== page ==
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Texas Senate passes bill requiring public school classrooms to display Ten Commandments

Painting of Moses receiving Ten Commandments by Jean Weyh in the St Stephen’s Church of Mackenheim, France.
(CNN) — The Texas Senate passed a bill Thursday requiring each public school classroom to display a copy of the Ten Commandments, a move that drew backlash from civil liberty advocates who say lawmakers should not dictate what religious materials students are exposed to.
The legislation, which passed the state Senate on a 17-12 vote, will now head to the state’s House of Representatives.
Senate Bill 1515, authored by state Sen. Phil King, a Republican, requires the Ten Commandments to be displayed in a “conspicuous place” in each classroom in a “size and typeface that is legible to a person with average vision from anywhere in the classroom.”
King has previously said the bill will help restore religious liberties “that were lost” and it “reminds students all across Texas of the importance of a fundamental foundation” of America.
“This Act applies beginning with the 2023-2024 school year,” the bill reads. “This Act takes effect immediately if it receives a vote of two-thirds of all the members elected to each house … If this Act does not receive the vote necessary for immediate effect, this Act takes effect September 1, 2023.”
Also Thursday, the Senate passed another bill relating to religion, one which would require schools to allow time for students and employees to pray and read the Bible on each school day. Senate Bill 1396 also passed with a 17-12 vote.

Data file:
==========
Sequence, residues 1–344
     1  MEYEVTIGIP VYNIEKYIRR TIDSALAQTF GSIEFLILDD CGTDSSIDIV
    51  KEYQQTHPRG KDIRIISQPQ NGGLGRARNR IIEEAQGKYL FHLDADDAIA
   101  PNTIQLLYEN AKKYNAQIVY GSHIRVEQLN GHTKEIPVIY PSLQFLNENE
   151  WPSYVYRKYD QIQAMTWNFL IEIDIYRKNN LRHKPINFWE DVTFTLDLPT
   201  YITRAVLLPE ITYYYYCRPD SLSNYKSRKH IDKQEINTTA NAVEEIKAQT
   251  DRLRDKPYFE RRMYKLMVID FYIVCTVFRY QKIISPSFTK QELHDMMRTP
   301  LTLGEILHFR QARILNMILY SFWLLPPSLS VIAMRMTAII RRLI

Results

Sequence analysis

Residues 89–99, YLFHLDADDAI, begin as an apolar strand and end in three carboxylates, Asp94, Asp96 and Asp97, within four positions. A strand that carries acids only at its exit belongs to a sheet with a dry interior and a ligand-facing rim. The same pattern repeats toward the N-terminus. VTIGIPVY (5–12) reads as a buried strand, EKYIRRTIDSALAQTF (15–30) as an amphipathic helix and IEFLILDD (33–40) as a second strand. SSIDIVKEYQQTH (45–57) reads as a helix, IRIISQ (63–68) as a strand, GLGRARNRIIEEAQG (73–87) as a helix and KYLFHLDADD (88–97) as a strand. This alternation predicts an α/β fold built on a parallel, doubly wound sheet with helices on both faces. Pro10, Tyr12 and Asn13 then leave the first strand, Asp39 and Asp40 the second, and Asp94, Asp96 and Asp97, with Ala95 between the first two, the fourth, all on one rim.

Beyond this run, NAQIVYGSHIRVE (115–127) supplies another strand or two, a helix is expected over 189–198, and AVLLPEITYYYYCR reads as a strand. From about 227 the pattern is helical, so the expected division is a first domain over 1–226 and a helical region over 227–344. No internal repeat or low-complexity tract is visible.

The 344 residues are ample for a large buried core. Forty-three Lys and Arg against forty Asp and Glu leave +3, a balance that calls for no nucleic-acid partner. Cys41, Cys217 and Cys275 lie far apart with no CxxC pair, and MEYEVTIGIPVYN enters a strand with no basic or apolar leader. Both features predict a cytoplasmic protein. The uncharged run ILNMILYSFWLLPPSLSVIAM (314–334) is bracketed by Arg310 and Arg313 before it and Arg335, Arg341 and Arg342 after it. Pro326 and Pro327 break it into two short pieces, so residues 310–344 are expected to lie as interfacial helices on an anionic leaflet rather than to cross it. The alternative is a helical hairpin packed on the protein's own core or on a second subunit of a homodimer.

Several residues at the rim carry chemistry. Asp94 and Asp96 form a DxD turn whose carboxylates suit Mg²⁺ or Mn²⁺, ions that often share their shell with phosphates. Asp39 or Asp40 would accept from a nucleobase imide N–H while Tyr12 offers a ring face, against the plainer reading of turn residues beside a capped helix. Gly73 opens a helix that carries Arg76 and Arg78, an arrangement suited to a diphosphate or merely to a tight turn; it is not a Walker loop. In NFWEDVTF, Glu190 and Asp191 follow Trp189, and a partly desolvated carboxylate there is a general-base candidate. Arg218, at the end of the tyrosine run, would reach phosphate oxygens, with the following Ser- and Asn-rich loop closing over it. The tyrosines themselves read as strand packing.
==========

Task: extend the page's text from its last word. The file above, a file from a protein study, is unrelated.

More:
Following the passage of the two bills, Texas Lt. Gov. Dan Patrick said in a statement “allowing the Ten Commandments and prayer back into our public schools is one step we can take to make sure that all Texas have the right to freely express their sincerely held religious beliefs.”
“Bringing the Ten Commandments and prayer back to our public schools will enable our students to become better Texans,” he added.
“Parents should be able to decide what religious materials their child should learn, not the (Texas legislature),” the American Civil Liberties Union of Texas said in a statement.
“Yet, some Texas lawmakers want to do exactly that — by forcing public schools to display the Ten Commandments or set aside Bible reading times.”
A new Texas state law last year required school districts in the state to display posters of the “In God We Trust” motto, as long as the copies were donated or purchased from private donations, CNN previously reported.
State Sen. Bryan Hughes, a Republican co-author of the law, said at the time the phrase asserted “our collective trust in a sovereign God.”

Ten Commandments display at the Texas State Capitol in Austin in 2005. | Office of the Attorney General of Texas
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